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On 28 March 1933, an Armstrong Whitworth Argosy II passenger aircraft, named City of Liverpool and operated by British airline Imperial Airways, crashed near Diksmuide, Belgium, after suffering an onboard fire; all fifteen people aboard were killed, making it the deadliest accident in the history of British civil aviation to that time. It has been suggested that this was the first airliner ever lost to sabotage, and in the immediate aftermath, suspicion centred on one passenger, Albert Voss, who seemingly jumped from the aircraft before it crashed.

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  • 1933 Imperial Airways Diksmuide crash
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  • On 28 March 1933, an Armstrong Whitworth Argosy II passenger aircraft, named City of Liverpool and operated by British airline Imperial Airways, crashed near Diksmuide, Belgium, after suffering an onboard fire; all fifteen people aboard were killed, making it the deadliest accident in the history of British civil aviation to that time. It has been suggested that this was the first airliner ever lost to sabotage, and in the immediate aftermath, suspicion centred on one passenger, Albert Voss, who seemingly jumped from the aircraft before it crashed.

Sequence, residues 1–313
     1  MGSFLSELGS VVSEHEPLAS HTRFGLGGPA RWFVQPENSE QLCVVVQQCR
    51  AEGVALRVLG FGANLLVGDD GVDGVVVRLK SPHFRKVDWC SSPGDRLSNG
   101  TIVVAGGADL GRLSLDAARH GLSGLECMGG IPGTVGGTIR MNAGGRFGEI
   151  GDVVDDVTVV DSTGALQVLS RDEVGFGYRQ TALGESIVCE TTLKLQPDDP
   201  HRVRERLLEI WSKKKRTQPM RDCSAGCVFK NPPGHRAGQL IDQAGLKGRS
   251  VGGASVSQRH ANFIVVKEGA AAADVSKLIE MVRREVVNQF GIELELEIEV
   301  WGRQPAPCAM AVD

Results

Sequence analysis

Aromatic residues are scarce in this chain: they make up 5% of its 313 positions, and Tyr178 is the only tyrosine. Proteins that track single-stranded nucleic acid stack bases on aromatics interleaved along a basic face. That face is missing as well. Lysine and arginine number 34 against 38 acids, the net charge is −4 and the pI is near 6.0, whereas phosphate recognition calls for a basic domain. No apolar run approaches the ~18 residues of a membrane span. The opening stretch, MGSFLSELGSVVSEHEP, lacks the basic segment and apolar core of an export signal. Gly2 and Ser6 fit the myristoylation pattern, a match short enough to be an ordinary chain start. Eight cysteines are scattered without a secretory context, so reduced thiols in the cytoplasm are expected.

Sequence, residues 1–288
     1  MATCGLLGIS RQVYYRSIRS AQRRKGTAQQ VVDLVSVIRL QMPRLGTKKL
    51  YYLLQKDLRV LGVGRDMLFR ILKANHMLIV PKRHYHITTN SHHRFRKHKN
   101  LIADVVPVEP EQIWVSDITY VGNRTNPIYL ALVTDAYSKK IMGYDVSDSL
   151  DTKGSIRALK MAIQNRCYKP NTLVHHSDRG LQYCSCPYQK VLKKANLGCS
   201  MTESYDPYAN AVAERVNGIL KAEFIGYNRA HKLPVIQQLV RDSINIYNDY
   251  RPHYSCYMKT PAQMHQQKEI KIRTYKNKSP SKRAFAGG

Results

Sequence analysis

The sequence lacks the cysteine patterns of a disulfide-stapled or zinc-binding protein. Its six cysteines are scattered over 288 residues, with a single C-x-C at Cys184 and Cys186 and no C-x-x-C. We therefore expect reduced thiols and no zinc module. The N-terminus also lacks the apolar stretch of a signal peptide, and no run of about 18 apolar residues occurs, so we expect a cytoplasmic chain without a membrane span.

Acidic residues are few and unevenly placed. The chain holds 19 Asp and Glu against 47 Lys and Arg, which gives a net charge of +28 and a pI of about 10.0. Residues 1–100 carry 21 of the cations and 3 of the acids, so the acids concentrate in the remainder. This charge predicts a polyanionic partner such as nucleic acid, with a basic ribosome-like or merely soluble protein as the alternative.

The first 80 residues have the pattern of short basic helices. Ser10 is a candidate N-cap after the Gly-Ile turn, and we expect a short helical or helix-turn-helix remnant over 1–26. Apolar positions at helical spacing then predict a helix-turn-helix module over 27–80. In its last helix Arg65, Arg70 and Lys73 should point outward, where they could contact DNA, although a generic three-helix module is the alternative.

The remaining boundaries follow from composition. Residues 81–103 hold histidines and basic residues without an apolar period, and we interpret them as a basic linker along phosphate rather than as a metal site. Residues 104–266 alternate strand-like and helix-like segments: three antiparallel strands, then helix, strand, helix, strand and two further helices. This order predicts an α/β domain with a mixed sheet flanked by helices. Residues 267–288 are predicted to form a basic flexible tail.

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  • City of Liverpool
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  • External Image
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aircraft name
  • City of Liverpool
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  • A similar Argosy of Imperial Airways in 1926
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date
fatalities
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  • Near Diksmuide, Belgium
type
  • Fire, suspected sabotage
has abstract
  • On 28 March 1933, an Armstrong Whitworth Argosy II passenger aircraft, named City of Liverpool and operated by British airline Imperial Airways, crashed near Diksmuide, Belgium, after suffering an onboard fire; all fifteen people aboard were killed, making it the deadliest accident in the history of British civil aviation to that time. It has been suggested that this was the first airliner ever lost to sabotage, and in the immediate aftermath, suspicion centred on one passenger, Albert Voss, who seemingly jumped from the aircraft before it crashed.
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